You could try pressing the card together (in case it came a little loose?) and maybe cleaning the contacts with a little bit of isopropanol on a swab. But I really wouldn't expect any results, and at best you might manage to read some of the data off before it dies again. I would not recommend opening it up under any circumstances - that will not help recovery any, and it will likely cause further damage.

You could also try various alternative readers - if you manage to find one that can at least expose the card as a block device, then you can take an image of the data (while recovering useful data from an image of damaged media is a whole other exercise - it's still better than where you are now).

Sometimes, there just isn't anything that can be done. If the data is very important, you could consider professional data recovery services (do they even exist for SD cards?), but they'd be very expensive. Otherwise, she might just have to accept the loss and try to recreate what she can.

When a storage device becomes physically unreadable, undetectable even, you can't go through the normal home data recovery steps (take image, scan for what files you can, etc.). With a mechanical drive, at least common failure modes are partial, so you can at least read something. With the nature of NAND storage, I can think of three possibilities:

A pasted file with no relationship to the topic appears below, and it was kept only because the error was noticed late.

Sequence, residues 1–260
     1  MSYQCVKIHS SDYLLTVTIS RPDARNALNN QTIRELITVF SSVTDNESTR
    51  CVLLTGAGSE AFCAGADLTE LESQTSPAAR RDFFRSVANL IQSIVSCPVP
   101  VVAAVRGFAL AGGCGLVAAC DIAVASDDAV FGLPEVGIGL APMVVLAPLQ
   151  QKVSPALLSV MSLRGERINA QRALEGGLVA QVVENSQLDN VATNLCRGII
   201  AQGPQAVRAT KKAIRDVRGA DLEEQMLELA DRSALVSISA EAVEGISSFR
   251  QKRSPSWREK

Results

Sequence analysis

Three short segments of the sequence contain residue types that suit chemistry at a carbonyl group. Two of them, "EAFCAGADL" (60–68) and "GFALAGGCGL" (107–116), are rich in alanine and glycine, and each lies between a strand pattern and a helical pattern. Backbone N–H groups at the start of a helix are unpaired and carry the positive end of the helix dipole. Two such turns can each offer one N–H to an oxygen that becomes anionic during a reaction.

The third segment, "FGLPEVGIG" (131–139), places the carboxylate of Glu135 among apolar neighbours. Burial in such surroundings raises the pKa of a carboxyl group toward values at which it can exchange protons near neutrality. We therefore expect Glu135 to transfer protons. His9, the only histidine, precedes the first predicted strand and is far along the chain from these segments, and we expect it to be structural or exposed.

• You've lost the controller. The flash chip itself might still be readable, but reassembling the data from it will be a long and arduous task. This is not doable at home, and requires expensive, professional tools and expertise. (If you had the equipment to solder tiny chips (source) and read NAND flash, I suppose you could attempt this yourself, but you're more likely to accidentally destroy it.)

  • You've lost the flash chip itself. In this case, I don't think there's anything you or anyone else can do. It would be even harder to recover than a lost controller.

  • The card is physically damaged, but the controller and flash memory are intact. This is probably the best you can hope for. Again, with how small and fragile the card is, there isn't much you can do at home - but the chance of professional recovery is far higher.

The problem with all these is they require very expensive and still uncertain services to even attempt a recovery. Is the data worth that much?

Perhaps the best thing to do is to treat this as a lesson on backups - always have at least one extra copy of any data you can't afford to lose. The more important it is, the more copies you want, stored separately from each other.

  • 39
    Thanks. She took your advice and tried squeezing it between her fingers. Unfortunately, it didn't help (but didn't hurt!). Wait... Wait... Wait... she just did it again, and Windows is recognizing the card!!!!!!!! Tears of joy!!! Now we can celebrate two miracles on Channukah!!! Thank you!!! Shalom!!! Dec 23, 2014 at 8:19
  • 18
    Good news! Now go buy another SD card and throw the damaged one away, not worth risking that again. Dec 23, 2014 at 9:14
  • 9
    @h.j.k. If there's any poor solder joints, for example, squeezing can get them to temporarily reconnect. This is a very temporary thing - evacuate your data and never use that card again.
    – Bob
    Dec 23, 2014 at 10:23
  • 6
    It never would have occurred to me to try to squeeze the data out like this. Wow. Will wonders never cease?
    – BrianH
    Dec 23, 2014 at 15:40
  • 8
    +1 for "Perhaps the best thing to do is to treat this as a lesson on backups". Dec 23, 2014 at 17:07